"You know, your mothers are there and I'm showing my underwear. My underwear - it's a really big deal to show my underwear, that can be harmful later on in life - "-Christina Ricci on shooting Opposite of Sex
A drug addicted teenage boy shows up unexpectedly at his family's home on Christmas Eve.
Review by Louise Keller: 'It's what I do,' says Julia Roberts' distraught mother Holly, when told she is trying too hard - to pull her drug-addicted son Ben (Lucas Hedges) from the quagmire. Prepare yourself for an emotional rollercoaster ride: Peter Hedges' film is hard-hitting and powerful as it explores the lengths to which a mother will go to save her son.
Hedges has penned a wonderful screenplay that hits every nerve. What begins as a family drama turns into a mystery thriller in which the past and the future are inextricably entwined. It is through Holly's eyes that we learn the extent of Ben's damage. In one of her best performances, Roberts' emotional journey can be gauged by watching her beautiful, expressive face - often shown in tight close up. She displays concern, relief, revulsion, dismay, pity, regret, fear, determination, desperation and love.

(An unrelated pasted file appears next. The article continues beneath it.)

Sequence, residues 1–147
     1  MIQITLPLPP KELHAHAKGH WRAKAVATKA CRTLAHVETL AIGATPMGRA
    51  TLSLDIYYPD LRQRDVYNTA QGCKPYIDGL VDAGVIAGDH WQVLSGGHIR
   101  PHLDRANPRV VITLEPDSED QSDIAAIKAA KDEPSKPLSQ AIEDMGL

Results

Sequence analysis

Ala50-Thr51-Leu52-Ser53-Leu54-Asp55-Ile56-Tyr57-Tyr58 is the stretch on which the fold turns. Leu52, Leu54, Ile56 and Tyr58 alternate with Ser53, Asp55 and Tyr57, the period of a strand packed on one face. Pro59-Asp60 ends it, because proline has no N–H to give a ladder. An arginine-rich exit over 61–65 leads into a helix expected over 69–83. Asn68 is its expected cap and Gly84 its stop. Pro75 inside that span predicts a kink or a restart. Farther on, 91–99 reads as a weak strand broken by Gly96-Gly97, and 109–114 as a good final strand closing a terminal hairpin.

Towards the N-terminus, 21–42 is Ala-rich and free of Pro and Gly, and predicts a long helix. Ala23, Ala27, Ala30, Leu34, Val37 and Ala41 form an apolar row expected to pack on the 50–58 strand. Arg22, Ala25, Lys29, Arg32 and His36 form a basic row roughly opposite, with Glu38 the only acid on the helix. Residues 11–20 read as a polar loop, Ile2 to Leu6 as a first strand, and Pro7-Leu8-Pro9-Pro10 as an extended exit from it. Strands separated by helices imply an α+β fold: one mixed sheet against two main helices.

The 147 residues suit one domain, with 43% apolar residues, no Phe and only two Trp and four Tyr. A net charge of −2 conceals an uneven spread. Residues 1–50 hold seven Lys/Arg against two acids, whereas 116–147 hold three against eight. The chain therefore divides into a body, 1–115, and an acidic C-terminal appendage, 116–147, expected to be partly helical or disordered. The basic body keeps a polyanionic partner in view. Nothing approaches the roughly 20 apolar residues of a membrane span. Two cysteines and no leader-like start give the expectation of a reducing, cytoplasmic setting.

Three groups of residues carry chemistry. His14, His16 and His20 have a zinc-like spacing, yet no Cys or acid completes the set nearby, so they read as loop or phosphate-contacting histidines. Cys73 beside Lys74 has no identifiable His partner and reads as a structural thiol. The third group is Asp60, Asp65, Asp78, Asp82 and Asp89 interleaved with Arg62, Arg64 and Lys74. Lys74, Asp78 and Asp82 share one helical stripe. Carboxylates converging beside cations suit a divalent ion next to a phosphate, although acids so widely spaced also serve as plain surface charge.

These are all the emotions we feel as life unravels after Ben appears on Christmas Eve, and the ghosts of the past are revisited. The glimpse of the trail of destruction and collateral damage Ben has left behind may be fleeting, but it sears into our consciousness as its far reaching impact is realised.
Directed by his father, talented Lucas Hedges (Manchester by the Sea, Boy Erased) slips easily into Ben's dark world. Listen for the crack in Holly's voice when she pointedly takes Ben to the cemetery, demanding he tells her where he would like to buried. We understand that is her ultimate fear - that her son will not survive. As we are taken into Ben's dangerous world, it is clear her fears are not unfounded. Our hearts cry for Holly as her world falls apart and her worst fears are realized. The intensity of the final scene is impossible to describe, nor is it possible to forget.
The subject matter is tough and the ugly consequences not easy to watch. Hedges' film allows light to filter into the dark, leaving us with hope, fueled by Roberts' convincing turn as a selfless mother whose unconditional love for her son has a beauty of its own.